Would you indulge me in some California dreaming? Thanks.
So, “A” Is for Alibi, featuring Sue Grafton's private investigator Kinsey Millhone, debuted in 1982—a year before author Ross Macdonald died. Macdonald had created the fictional town of Santa Teresa where his own PI, Lew Archer, routinely patrolled throughout an eighteen book series. The wealthy area (described by Grafton as “a haven for the abject rich”), which—more than a little—resembles the real Santa Barbara, is where a good chunk of the setting of Alibi takes place. I can picture both detectives sitting down at Rosie’s Tavern, Archer laying his fedora on the table, thoroughly entranced by thirty-two-year-old Kinsey Millhone—she a reflection of his younger self—in a symbolic passing of the torch. Nice to envision, right?
Archer’s influence is certainly in Kinsey’s voice as she describes her latest client Nikki Fife, who served time for murder:
I had thought her eyes were dark but I could see now that they were a metallic gray. Her look was level, flattened-out, as though some interior light were growing dim. She seemed to be a lady without much hope. I had never believed she was guilty myself but I couldn't remember what had made me so sure. She seemed passionless and I couldn’t imagine her caring enough about anything to kill.Do you hear it? That distinct cadence in the phrasing, an homage to Ross Macdonald without being a rip, building on the work that he molded from Raymond Chandler’s foundation. Kinsey arrived on the scene six years after the last Archer book, The Blue Hammer (1976). And now, twenty-four books later (X was released in 2015), she is the old pro on the scene—and the Alphabet Mysteries is undoubtedly even more popular than Ms. Grafton’s original inspiration.
In this first case that we are privy to (she’d been working as a private gumshoe before Alibi), we are allowed to eavesdrop in on Kinsey as she narrates first person (how else, right?) that Nikki had served her time for murdering her wealthy husband Laurence, a successful divorce lawyer that Kinsey had worked with periodically. Official cause of his death: he had ingested oleander that he had thought was his medicine. She now comes to Kinsey to find the real killer.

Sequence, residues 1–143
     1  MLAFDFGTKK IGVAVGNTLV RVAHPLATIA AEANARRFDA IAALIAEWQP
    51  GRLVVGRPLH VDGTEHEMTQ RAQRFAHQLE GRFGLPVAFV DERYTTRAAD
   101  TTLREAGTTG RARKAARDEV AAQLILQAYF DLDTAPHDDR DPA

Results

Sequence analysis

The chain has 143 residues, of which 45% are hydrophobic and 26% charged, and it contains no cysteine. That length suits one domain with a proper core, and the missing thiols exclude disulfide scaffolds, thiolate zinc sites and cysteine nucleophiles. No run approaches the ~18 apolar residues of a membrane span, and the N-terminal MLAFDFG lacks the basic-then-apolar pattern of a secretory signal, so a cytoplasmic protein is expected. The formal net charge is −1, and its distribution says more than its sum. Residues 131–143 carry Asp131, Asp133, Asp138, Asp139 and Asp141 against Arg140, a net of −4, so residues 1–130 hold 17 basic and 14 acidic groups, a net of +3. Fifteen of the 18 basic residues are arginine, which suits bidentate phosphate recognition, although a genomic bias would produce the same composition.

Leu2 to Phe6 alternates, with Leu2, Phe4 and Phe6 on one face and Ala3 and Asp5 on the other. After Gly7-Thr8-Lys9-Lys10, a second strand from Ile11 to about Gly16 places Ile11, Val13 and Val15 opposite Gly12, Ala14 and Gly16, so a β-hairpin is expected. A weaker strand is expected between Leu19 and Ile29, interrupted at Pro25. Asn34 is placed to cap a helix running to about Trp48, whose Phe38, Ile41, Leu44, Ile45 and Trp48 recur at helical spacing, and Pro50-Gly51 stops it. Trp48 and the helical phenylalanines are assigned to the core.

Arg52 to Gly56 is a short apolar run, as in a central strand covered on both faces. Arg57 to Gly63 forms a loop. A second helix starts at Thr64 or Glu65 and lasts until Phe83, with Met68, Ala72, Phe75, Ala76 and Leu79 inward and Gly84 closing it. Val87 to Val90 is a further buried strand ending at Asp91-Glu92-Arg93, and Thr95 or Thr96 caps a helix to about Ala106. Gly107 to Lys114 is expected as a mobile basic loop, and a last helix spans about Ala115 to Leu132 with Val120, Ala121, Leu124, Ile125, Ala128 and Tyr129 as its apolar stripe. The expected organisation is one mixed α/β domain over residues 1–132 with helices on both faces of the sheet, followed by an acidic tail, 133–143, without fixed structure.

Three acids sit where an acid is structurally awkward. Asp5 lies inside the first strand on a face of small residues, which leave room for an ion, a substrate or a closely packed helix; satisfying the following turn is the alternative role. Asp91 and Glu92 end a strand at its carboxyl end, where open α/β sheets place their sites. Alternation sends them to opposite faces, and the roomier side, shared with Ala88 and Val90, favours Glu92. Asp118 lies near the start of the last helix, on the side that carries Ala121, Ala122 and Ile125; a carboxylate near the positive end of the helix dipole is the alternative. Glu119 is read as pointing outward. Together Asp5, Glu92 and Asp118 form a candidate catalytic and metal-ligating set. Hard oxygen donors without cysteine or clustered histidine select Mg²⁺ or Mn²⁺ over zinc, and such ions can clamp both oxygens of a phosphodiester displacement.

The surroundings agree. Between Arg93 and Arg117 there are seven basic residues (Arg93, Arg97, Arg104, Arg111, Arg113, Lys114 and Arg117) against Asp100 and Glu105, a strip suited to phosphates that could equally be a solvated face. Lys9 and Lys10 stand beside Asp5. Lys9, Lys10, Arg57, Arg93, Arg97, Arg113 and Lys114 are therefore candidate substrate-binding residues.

Kinsey starts by contacting Lieutenant Con Dolan, who is described as looking “like he would smell of Thunderbird and hang out under bridges throwing up on his own shoes.” He reminds me a bit of Robert B. Parker'sMartin Quirk in terms of behavior. He has respect for Kinsey (like Quirk does for Spenser), but is still going to make her earn every inch of his veneration.
A big clue in the old files is that an accountant named Libby Glass had died ingesting ground oleander four days after Laurence shuffled off the mortal coil. She had worked for a business-management firm representing the interests of Laurence's law firm. So, Kinsey begins pulling the thread, and, in the process, we learn more about her. A lot more.
Reading Macdonald, I never felt close to Archer. Respected him, yes; his points of view—certainly. But, he was more of a mentor than a friend. Kinsey, if not an improvement on the old guard, is a rewarding detour from the archaic tight-lipped detective. When Laurence's former law partner, Charlie Scorsoni, stops by to chat her up, she feels the pull of mutual attraction.
We shook hands as he left. I didn’t know why—maybe just an excuse to touch. Even a contact that casual made the hairs stand up along my arm. My early-warning system was clanging away like crazy and I wasn't sure how to interpret it. It's the same sensation I have sometimes on the twenty-first floor when I open a window—a terrible attraction to the notion of tumbling out. I go a long time between men and maybe it was time again. Not good, I thought, not good.Newsweek has said, "Grafton has created a woman we feel we know...” True enough. She’s someone you would want to friend on Facebook or share vacation pics with on Instagram. Or, better yet, have her over for tea because that’s where you may learn more about the car accident when she was five-years-old that claimed the lives of her parents and is the continuing pain that’s still lodged deep down. She’d probably tell you how the rebellious streak through school built an autonomy within that has served her well, especially when she became a police officer for the Santa Teresa Police Department, but not kowtowing to authority or management’s treatment of women, prompting her to quit. And, maybe if she really likes you, perhaps you will learn more about those two marriages under her belt.
Still, you may have a problem getting close to Kinsey because outside of Rosie, who runs her favorite local bar, and Henry, her landlord, she pretty much sticks to herself—not counting a few relationships sprinkled throughout the series. She did, though, reconnect to family members not long ago. Weird that I’m talking about Kinsey like she’s real? Well, she has that effect on us fans.
All the ingredients for the enormously successful alphabet soup are right there in “A” Is for Alibi, with Ms. Grafton stirring it to perfection. We talk a lot about red herrings in mysteries—those pesky little traps that authors set to steer us away from the actual culprits. Sometimes, they are dropped so erratically that it’s effortless to guess what the author is up to or they come in such a rat-a-tat fashion that one loses interest in even trying to guess. In “A”, Ms. Grafton drops them with the organic precision of a Bouguereau stroke. Kinsey is drawn to or away from suspects and we go right along with her right up to the plot twist that gobsmacks her as well as us and has her fighting for her life.
“A” Is for Alibi gets an A+ for continuing perfection three decades later. I’m certain Lew Archer is resting easy knowing Santa Teresa remains in good hands.